- The Washington Times - Saturday, October 22, 2016

Seven Charlotte, N.C. residents sued the city and its police department Friday over local law enforcement’s use of tear gas during protests held last month following the fatal officer-involved shooting of Keith Lamont Scott.

Attorneys for the plaintiffs filed the 21-page complaint in federal court late Friday a month and a day after Scott, 43, was shot and killed by a member of the Charlotte-Mecklenburg Police Department in a parking lot near the the University of North Carolina.

The lawsuit says the plaintiffs all participated in peaceful protests held in the wake of Scott’s passing, but are fearful of becoming involved in future demonstrations because of treatment they endured at the hands of police.

“Plaintiffs have engaged in speech, association, and protest on the streets, sidewalks and medians of Charlotte — traditional public fora where individuals’ First Amendment rights are at their zenith. Unfortunately, this exercise of constitutional rights has been met with a military-grade assault on protesters’ bodies and rights,” the attorneys wrote in Friday’s filing.

Protesters who attempted to exercise their constitutionals rights were subjected to being shot with tear gas, pepper spray and rubber pullets, as well as physical and verbal abuse from the police that has caused persistent problems, according to the lawsuit.

The police’s tactics were “designed to target and punish demonstrators and to deter them from continuing speech and assembly activities,” the lawsuit alleges, arguing that CMPD “persistently violated the constitutional rights of the named plaintiffs… in response to Plaintiffs’ exercise of their constitutional right to assemble and protest.”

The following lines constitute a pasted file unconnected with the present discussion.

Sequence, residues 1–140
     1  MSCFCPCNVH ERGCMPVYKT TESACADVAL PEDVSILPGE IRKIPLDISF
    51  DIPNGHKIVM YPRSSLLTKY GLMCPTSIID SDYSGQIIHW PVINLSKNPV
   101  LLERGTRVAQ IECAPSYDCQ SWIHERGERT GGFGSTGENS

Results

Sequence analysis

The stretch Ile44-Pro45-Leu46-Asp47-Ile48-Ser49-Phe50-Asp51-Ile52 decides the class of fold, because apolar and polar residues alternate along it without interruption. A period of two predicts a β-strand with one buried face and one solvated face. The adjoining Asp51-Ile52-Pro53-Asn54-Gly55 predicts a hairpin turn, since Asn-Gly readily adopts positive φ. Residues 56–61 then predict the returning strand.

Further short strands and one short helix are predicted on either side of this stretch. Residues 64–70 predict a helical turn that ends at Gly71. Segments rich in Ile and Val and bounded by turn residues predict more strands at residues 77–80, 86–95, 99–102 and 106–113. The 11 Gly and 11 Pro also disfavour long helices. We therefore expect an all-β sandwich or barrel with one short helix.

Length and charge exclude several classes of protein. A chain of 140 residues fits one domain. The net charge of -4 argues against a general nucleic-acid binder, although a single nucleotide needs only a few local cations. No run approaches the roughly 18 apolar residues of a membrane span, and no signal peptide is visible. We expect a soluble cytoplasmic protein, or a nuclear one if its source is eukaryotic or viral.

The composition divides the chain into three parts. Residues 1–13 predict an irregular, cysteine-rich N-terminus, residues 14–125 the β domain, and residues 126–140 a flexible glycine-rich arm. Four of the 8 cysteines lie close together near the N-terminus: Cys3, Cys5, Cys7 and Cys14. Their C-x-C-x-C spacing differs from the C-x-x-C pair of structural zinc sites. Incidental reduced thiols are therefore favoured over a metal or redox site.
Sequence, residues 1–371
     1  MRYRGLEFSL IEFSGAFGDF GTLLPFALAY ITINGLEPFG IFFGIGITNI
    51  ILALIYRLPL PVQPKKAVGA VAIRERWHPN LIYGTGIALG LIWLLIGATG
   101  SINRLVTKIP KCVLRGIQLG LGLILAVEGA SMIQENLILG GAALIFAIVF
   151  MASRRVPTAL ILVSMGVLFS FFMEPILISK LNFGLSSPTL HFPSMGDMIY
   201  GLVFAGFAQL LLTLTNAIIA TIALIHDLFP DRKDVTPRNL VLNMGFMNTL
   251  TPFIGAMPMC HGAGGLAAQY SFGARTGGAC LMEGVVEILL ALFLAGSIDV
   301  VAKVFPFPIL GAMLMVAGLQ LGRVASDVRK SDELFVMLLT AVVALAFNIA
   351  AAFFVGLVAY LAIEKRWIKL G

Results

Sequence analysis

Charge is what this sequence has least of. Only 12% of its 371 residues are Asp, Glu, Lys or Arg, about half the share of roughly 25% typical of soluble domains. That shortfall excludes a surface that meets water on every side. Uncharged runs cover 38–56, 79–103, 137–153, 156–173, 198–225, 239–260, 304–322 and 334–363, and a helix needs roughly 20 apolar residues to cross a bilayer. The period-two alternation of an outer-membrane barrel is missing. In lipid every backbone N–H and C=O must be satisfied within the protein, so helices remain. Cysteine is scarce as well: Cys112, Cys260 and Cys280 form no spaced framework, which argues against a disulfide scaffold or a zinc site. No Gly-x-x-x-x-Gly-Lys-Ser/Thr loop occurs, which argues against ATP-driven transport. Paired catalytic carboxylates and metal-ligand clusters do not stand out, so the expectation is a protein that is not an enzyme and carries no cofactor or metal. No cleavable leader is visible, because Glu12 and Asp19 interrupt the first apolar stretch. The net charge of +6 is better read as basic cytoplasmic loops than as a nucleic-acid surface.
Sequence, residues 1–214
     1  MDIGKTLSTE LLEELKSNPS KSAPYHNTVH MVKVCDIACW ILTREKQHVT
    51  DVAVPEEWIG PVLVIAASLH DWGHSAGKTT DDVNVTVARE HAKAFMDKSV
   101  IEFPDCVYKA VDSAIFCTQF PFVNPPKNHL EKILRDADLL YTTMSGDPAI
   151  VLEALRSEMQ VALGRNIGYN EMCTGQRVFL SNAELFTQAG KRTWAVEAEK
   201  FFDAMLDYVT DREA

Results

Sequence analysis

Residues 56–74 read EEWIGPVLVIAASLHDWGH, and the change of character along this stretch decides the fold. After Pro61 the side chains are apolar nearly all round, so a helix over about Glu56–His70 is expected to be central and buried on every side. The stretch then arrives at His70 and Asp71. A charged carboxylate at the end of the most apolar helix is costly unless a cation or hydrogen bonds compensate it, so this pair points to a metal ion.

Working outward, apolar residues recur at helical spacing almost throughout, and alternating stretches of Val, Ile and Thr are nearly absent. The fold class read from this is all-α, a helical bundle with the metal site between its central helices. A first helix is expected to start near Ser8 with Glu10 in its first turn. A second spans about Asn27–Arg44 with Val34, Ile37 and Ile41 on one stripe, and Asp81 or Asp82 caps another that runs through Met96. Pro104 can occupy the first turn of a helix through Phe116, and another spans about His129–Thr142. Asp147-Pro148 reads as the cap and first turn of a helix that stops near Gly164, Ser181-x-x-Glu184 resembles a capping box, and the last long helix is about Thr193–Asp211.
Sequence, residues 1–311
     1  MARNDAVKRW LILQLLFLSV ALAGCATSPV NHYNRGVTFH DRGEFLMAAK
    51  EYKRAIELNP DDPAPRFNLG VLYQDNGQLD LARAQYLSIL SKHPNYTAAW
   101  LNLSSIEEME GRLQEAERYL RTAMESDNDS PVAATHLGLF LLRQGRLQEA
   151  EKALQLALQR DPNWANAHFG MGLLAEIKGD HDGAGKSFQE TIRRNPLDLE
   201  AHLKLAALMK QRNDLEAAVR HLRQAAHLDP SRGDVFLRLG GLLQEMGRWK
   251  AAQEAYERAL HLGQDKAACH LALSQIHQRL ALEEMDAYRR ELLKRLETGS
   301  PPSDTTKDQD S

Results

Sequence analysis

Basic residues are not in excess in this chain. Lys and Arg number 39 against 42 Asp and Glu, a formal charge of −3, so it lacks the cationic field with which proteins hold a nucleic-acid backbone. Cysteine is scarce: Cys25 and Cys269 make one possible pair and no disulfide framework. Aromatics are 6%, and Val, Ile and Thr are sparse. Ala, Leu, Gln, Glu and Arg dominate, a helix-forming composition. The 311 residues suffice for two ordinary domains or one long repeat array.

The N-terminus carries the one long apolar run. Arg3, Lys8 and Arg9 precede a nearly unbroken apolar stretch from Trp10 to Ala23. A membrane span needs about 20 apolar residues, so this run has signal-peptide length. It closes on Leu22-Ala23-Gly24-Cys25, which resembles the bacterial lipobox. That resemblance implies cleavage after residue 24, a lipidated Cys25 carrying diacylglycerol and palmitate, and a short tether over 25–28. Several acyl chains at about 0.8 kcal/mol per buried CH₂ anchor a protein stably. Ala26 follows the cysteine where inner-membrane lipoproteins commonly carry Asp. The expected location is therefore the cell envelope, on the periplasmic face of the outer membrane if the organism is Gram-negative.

“I never thought the police would attack civilians like this,” plaintiff Ashley Williams said Friday night statement, according to the Charlotte Observer.

“Rubber bullets, batons, smoke bombs, flashbangs — we’ve seen it all these last few weeks. I got burned when one of the tear gas canisters hit me at close range, but it’s what they’re doing to democracy that really hurts.”

Tear gas used by police caused at least two of the plaintiffs to vomit, and left one suffering from a burning sensation that prevented him from holding his own children for several days after, court documents claim.

The plaintiffs wrote a letter to CMPD officials earlier this week urging police to voluntarily agree to stop using force against protesters, and filed suit after conversations between sides early Friday were unfruitful, the Observer reported.

Police officials deferred commenting when reached by NBC Charlotte on Friday evening until they could review the specifics of the lawsuit, the network said.

In a statement, the City of Charlotte said the aftermath of Scott’s passing “has been and continues to be a difficult time for our community.”

CMPD respects and strives to protect everyone’s constitutional right to peacefully assemble, demonstrate and protest. At the same time, our officers are charged with maintaining peace and order and protecting public safety. Chief Putney and the men and women of the department have and will continue to work toward achieving both of these goals,” the statement said.

City officials told the Observer separately Friday that protests waged following the Sept. 20 shooting have cost taxpayers roughly $4.6 million between damages to public property and overtime pay for police.


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